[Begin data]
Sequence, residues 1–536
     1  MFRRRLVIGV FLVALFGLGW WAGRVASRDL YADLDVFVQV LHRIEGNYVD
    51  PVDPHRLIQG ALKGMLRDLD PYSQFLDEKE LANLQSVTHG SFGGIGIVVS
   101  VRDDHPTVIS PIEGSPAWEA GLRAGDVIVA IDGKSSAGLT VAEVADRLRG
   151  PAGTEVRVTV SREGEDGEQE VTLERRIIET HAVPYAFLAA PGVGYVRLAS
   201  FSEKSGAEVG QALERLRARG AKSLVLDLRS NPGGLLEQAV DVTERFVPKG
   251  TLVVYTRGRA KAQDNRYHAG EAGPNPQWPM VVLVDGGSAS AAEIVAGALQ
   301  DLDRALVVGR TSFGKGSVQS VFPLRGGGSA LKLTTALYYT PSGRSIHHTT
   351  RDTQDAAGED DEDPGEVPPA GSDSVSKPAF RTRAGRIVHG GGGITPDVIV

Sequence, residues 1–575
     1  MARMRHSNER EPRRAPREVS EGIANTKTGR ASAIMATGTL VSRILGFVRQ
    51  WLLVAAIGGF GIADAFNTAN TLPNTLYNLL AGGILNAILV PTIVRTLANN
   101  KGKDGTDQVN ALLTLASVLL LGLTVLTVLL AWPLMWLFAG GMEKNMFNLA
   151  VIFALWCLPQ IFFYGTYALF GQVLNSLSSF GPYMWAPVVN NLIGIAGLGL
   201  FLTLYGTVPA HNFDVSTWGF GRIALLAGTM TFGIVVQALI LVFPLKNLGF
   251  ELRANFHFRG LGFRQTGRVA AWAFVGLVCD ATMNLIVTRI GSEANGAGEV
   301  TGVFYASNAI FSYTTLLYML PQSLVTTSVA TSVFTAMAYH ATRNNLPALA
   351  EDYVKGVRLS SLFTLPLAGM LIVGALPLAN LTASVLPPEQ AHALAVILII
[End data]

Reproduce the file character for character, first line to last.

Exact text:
Sequence, residues 1–536
     1  MFRRRLVIGV FLVALFGLGW WAGRVASRDL YADLDVFVQV LHRIEGNYVD
    51  PVDPHRLIQG ALKGMLRDLD PYSQFLDEKE LANLQSVTHG SFGGIGIVVS
   101  VRDDHPTVIS PIEGSPAWEA GLRAGDVIVA IDGKSSAGLT VAEVADRLRG
   151  PAGTEVRVTV SREGEDGEQE VTLERRIIET HAVPYAFLAA PGVGYVRLAS
   201  FSEKSGAEVG QALERLRARG AKSLVLDLRS NPGGLLEQAV DVTERFVPKG
   251  TLVVYTRGRA KAQDNRYHAG EAGPNPQWPM VVLVDGGSAS AAEIVAGALQ
   301  DLDRALVVGR TSFGKGSVQS VFPLRGGGSA LKLTTALYYT PSGRSIHHTT
   351  RDTQDAAGED DEDPGEVPPA GSDSVSKPAF RTRAGRIVHG GGGITPDVIV

Sequence, residues 1–575
     1  MARMRHSNER EPRRAPREVS EGIANTKTGR ASAIMATGTL VSRILGFVRQ
    51  WLLVAAIGGF GIADAFNTAN TLPNTLYNLL AGGILNAILV PTIVRTLANN
   101  KGKDGTDQVN ALLTLASVLL LGLTVLTVLL AWPLMWLFAG GMEKNMFNLA
   151  VIFALWCLPQ IFFYGTYALF GQVLNSLSSF GPYMWAPVVN NLIGIAGLGL
   201  FLTLYGTVPA HNFDVSTWGF GRIALLAGTM TFGIVVQALI LVFPLKNLGF
   251  ELRANFHFRG LGFRQTGRVA AWAFVGLVCD ATMNLIVTRI GSEANGAGEV
   301  TGVFYASNAI FSYTTLLYML PQSLVTTSVA TSVFTAMAYH ATRNNLPALA
   351  EDYVKGVRLS SLFTLPLAGM LIVGALPLAN LTASVLPPEQ AHALAVILII